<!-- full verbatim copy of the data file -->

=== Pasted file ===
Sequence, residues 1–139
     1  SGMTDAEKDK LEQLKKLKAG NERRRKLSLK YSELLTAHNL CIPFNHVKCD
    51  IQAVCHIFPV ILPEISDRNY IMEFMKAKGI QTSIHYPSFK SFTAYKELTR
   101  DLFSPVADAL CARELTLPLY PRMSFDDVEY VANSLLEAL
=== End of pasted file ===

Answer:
Sequence, residues 1–139
     1  SGMTDAEKDK LEQLKKLKAG NERRRKLSLK YSELLTAHNL CIPFNHVKCD
    51  IQAVCHIFPV ILPEISDRNY IMEFMKAKGI QTSIHYPSFK SFTAYKELTR
   101  DLFSPVADAL CARELTLPLY PRMSFDDVEY VANSLLEAL